jeudi 27 octobre 2011

"Answer Yes Or No: Is Capitalism Decent?"

Sorry, but that is not ONE question but several!

- Is private productive property decent?
- Is private enterprise renewing productive property decent?
- Is financing such decent?
- Is financing it as it is financed right now decent?
- Are financers decent enough to follow their own rules?

That is at least five questions, and I say yes to the first three and no to the latter two. And believe me, there are more parameters still.

One of them is "big business". And one cry about protesters being hypocrites at least twice on caricatures did point out how much of their outfit was produced by big business or what is supposed to be such. One foto had the added text "down with evil corporations" and added arrows pointing to protesters' being clad and equipped by big business. Only, the real banners and sign posts of the protesters were not seen, and one that was had nothing to do with even ending big business. It was a question about banks, bailouts and old age pensions. It is not Nike that gets bail outs, it is banks. It is not Kodak or Nokia that gets bailouts, it is banks. It is not United Colours of Benetton that gets bailouts, it is banks. The point is that if tax payers can bail out banks which the state did not promise to do, they can also bail out failing payments to old age pensions in so far as the state did give a kind of promise to keep old age pensions up for ever or for foreseeable future - a kind of promise, not a vow sworn as an oath on the gospel on the altar of either St Paul's or the Vatican, but still a kind of promise.

The answer that can be given and should be given is that with failing procreation rates the population cannot go on with payments for old age pensions and old age homes foreever, that people should start living as families again, and that reasonable and endurable security for your old age, unless you are exceptionally rich, does not spell p-e-n-s-i-o-n-s but c-h-i-l-d-r-e-n and g-r-a-n-d-c-h-i-l-d-r-e-n. And the answer that could be given back is: fine, but then we might also consider keeping our money (as in coins and bills) in our locked cupboards or possibly in small cooperative village banks with one large safe box. That is how Swiss banks started, and they are not in the need of bailouts.

I am now looking at another caricature, this time the precaution has been made to draw the signposts of the protesters, since it is a drawing, not a photograph. The sign-post says: "End capitalism now or something". The big businesses used by protesters very visibly are apple, Starbucks - and Quechua tents (none of which is being bailed out by any state as far as we know, yet). It is also about Poppy Day, and about St Pauls. It is on p. 6 of Daily Star, printed in Belgium this night or morning to be publicly available on today's date of Thursday 27 of October.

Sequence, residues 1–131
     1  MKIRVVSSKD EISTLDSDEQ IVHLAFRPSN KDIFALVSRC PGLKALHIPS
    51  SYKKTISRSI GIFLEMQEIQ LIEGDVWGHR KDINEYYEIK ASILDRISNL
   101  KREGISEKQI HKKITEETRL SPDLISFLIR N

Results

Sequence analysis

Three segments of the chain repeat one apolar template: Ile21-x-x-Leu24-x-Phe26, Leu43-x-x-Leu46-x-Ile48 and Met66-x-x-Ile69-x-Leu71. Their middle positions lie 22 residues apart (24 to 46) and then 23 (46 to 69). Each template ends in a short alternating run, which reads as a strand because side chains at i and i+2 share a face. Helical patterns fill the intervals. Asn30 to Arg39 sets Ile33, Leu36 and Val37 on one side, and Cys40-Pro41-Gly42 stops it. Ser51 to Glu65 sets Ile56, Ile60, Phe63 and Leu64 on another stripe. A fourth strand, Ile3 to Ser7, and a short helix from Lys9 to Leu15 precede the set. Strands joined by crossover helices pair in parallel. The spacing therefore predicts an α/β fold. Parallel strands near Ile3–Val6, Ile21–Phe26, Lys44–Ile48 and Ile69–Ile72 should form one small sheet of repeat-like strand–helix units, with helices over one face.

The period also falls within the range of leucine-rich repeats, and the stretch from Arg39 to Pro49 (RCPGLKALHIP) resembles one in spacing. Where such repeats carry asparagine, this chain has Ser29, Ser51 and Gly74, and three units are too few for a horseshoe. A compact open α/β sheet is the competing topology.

Now, let us take the caricaturist's challenge: what would people wanting to end capitalism want to do with apple and Starbucks and Quechua?

Actually, the question is not bad. But maybe there is an answer that is not bad either. First of all, before giving mine, as is evident from my above stand for old family values, I am not against the protesters in their collective particular ire against banks, but I am not for all of their individual political ideals as many of them are for abortion. So, my answer does not represent nor claim to represent them. But Chesterton would have agreed and I do agree that big corporations are usually rather a bigger evil than big books, despite the unhappy poet Catullus. He liked private enterprise to be small enterprise. He found the problem with private enterprise as extant in his day too few and buig enterprisers, and generally I do agree.

And though I am not very often in Quechua tents, I have been there and my next sleeping bag might be Quechua too (my present one is French army, which is also a big corporation, but not a private one: it is excellent and I will stick to it as long as I can), I do enjoy a big latte from Starbucks, I do use computers, which usually are not made by small local engineers.

Apple then: there are computers and there are internet connexions and networks of such. Both are not the same. When it comes to the networks, it is nearly necessary - if they shall work (which is not one basic necessity of mankind, but which looks as an asset, though not a necessary such) - that they should be a big enterprise, just like the post office or the telephone company. apple the computer is another matter, if it were not for pretty modern patent rights they could very well be produced by local ingeneers having open access to the plan of electric connexions and to the making of each that make up the system. If this happened, Apple would be slowing down its profits as smaller ideally local producers entered the market. But even as it is, computers and internet are so connected that the absence of local producers of computers is as incidental to the big business of connecting them as is the absence of local stamp makers and envelope folders to the post office.

Now, Starbucks is quite another matter. It actually is in a way small business, just like McDonald restaurants. Each McDonald restaurant and each Starbucks café has its owner who takes most of the profits, but he is contracted to buy his fares from their network of big producers, not unlike pubs that are or formerly were tied to one big beer brewing industry. Let us say Cambridge has a tied pub, let us call it with exaggerated flattery Bird and Baby (after a famous place in Oxford) and Bird and Baby in Cambridge has an owner and this owner has a contract with Guiness that allows him to serve all beers that come from Guiness breweries but none other, in that case the Cambridge Bird and Baby (not to be confused with its Oxford counterpart of course!) is also allowed to use the banners and the cartons you put the glasses on from Guiness. I think that system, as far as beer breweries are concerned, has become outlawed:* any pub serving Guiness should also be able to serve Kilkenny or Pelfort and so on. ny contract by which a pub owner restricts his serving rights to one of these breweries is outlawed, I think. Possibly to the detriment of pub and brewery couples: a pub owner possibly cannot even make a contract with his brother who is a local brewer to serve only his brother's beer.